- For the California poet, see Geoffrey G. O'Brien
|Born||1948 (age 70–71)|
|Occupation||Poet, editor, critic, translator, historian|
Geoffrey O'Brien (born 1948 New York City, New York) is an American poet, editor, book and film critic, translator, and cultural historian. In 1992, he joined the staff of the Library of America as executive editor, becoming editor-in-chief in 1998.
O'Brien was born in New York City and grew up in Great Neck, Long Island. His mother, Margaret O'Brien, née Owens, was a theater actress, and his father was Joseph O'Brien, one of the original WMCA Good Guys.
O'Brien began publishing poetry and criticism in the 1960s. He has been a contributor to Artforum, Film Comment, The New York Times and The New York Times Book Review, Village Voice, New Republic, Bookforum, and, especially, to the New York Review of Books. He has also been published in numerous other publications, including Filmmaker, American Heritage, The Armchair Detective, Bomb, Boston Globe, Fence, GQ, The Los Angeles Times Book Review, Men’s Vogue, Mother Jones, The Nation, Newsday, and Slate, and has contributed many essays for liner notes for The Criterion Collection. In addition, his work has been included in numerous anthologies.
He has served as editor of The Reader's Catalog (1987–1991), a faculty member of The Writing Program at The New School, a contributing editor at Open City, and was a member of the selection committee for The New York Film Festival in 2003.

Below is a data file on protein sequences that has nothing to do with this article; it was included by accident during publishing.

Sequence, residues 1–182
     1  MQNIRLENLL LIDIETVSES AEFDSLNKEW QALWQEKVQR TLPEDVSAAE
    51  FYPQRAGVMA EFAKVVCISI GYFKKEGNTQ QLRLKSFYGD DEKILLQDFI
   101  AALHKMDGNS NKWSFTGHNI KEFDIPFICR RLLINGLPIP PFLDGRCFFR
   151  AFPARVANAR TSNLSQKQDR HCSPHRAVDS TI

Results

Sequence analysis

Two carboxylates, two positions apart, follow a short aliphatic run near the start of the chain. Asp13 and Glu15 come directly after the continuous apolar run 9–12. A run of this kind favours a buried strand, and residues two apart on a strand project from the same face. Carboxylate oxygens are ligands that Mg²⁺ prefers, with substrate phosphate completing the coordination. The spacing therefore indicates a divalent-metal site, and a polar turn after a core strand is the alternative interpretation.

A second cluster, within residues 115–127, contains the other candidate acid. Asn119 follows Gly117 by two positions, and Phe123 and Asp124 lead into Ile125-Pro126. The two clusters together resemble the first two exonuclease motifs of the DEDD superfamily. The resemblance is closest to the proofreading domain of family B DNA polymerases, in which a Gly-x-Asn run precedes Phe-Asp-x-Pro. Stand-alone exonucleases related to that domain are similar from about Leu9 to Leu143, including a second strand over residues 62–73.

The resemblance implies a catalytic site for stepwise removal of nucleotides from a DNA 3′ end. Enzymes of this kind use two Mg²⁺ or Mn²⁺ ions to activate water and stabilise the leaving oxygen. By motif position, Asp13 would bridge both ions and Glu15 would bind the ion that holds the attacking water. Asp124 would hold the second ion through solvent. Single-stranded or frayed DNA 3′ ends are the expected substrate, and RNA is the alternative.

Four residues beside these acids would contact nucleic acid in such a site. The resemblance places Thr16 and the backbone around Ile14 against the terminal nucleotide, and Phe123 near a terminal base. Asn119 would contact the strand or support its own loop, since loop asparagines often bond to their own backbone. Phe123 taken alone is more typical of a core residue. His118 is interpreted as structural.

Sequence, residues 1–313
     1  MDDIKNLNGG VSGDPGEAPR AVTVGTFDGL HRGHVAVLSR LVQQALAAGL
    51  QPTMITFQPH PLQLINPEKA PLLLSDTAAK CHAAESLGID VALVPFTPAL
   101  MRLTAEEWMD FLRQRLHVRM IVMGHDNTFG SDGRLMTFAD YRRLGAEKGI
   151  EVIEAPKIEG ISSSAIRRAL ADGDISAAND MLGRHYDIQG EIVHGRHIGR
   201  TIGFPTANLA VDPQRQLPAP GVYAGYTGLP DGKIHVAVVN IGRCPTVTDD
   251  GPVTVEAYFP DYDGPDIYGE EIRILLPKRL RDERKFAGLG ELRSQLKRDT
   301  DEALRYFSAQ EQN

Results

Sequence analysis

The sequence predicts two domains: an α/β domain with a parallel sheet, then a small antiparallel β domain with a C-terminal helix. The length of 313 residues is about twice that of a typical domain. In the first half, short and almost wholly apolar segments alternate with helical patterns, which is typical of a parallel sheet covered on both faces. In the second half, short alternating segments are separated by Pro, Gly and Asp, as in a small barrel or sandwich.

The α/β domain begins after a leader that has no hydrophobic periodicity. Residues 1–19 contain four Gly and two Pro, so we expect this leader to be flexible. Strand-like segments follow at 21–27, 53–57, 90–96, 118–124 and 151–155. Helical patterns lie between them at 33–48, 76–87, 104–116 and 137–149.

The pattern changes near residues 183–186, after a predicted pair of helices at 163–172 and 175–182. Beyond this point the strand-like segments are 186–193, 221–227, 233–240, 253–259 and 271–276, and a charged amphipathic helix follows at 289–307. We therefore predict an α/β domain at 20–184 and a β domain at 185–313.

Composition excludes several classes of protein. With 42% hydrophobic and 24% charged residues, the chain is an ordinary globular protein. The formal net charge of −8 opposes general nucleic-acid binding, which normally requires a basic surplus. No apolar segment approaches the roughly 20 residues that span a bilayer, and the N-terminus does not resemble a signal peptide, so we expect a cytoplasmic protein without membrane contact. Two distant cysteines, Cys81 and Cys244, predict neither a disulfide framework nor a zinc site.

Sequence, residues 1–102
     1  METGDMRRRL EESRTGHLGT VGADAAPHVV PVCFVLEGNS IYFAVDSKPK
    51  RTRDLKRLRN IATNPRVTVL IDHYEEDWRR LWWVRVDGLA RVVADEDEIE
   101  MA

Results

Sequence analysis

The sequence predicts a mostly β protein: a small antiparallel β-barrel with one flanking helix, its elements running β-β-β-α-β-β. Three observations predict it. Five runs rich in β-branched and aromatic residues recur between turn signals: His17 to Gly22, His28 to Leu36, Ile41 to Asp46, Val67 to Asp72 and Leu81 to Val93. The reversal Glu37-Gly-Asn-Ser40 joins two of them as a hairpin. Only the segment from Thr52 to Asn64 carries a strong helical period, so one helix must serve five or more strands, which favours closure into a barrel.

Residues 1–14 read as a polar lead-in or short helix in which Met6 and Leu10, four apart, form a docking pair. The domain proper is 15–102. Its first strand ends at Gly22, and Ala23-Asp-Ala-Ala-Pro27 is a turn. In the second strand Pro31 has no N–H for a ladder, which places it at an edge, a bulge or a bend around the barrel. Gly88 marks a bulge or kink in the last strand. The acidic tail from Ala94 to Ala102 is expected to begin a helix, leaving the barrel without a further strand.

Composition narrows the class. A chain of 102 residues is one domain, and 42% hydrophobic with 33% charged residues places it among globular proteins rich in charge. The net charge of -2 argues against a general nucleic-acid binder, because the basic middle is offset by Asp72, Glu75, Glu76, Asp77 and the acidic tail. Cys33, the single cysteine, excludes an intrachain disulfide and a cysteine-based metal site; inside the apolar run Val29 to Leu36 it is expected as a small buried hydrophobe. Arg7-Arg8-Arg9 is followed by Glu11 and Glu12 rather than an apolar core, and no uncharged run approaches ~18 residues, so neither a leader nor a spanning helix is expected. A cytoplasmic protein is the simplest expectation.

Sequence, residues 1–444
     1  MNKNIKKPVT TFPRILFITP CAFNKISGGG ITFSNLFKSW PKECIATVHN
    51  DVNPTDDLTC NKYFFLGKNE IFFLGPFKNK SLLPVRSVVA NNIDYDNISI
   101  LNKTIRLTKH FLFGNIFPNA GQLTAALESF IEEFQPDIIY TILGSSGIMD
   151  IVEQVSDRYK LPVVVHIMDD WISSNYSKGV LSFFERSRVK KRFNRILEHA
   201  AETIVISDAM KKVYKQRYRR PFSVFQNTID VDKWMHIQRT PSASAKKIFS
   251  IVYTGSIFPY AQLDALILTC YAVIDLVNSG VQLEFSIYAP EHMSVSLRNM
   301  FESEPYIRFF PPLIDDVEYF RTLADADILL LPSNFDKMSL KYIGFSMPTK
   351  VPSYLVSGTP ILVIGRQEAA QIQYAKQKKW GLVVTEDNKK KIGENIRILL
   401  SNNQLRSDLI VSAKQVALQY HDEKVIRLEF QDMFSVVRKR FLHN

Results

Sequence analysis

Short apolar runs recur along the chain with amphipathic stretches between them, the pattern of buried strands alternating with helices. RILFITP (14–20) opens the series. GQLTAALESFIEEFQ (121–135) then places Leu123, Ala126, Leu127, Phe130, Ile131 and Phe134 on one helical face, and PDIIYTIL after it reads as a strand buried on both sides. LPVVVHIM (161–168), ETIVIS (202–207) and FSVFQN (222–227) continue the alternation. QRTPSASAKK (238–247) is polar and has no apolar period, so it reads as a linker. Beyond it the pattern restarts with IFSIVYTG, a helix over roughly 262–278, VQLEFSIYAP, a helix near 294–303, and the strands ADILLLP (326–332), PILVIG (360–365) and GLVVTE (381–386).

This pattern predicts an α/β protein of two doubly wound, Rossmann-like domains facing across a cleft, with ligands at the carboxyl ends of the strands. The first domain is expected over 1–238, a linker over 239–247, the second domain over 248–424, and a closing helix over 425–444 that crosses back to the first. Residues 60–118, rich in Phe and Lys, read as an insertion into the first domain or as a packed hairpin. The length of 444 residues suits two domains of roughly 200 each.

Erudite but playful, O’Brien’s style as an essayist and reviewer is unique. Highly associative in approach, his dense, highbrow prose is often brought to bear upon the worlds of low-budget exploitation films and pulp fiction as well as more upscale and respectable venues of the cinematic, theater, literary, or popular music worlds. These wide-ranging pieces have been described as idiosyncratic “prose poems”  and tend towards partial autobiography in which he recollects youthful experiences as reader or viewer which — although they may or may not have been shared by his own readership — can lead deeply into unexpected aspects of the material at hand.
Awards and accolades
- 1988 Whiting Award
- 1994 Finalist, National Book Critics Circle Award (Criticism)
- 1998 Fellow, New York Institute for the Humanities
- 1999 Fellow, John Simon Guggenheim Memorial Foundation 
- 2002 Fellow, Rockefeller Foundation, Bellagio Study Center, Italy
- 2011 Fellow, Bosch Public Policy Prize, American Academy in Berlin
Reviews and cultural criticism
- O'Brien, Geoffrey (1981). Hardboiled America: Lurid Paperbacks and the Masters of Noir. Da Capo Press. ISBN 978-0-306-80773-2. (reprint 1997)
- O'Brien, Geoffrey (1988). Dreamtime: Chapters from the Sixties. Counterpoint. ISBN 978-1-58243-191-8. (reprint Counterpoint Press, 2002, ISBN 978-1-58243-191-8)
- O'Brien, Geoffrey (1995). The Phantom Empire: Movies in the Mind of the Twentieth Century. W. W. Norton & Company. ISBN 978-0-393-31296-6.
- O'Brien, Geoffrey (1998). The Times Square Story. W. W. Norton & Company. ISBN 978-0-393-31846-3.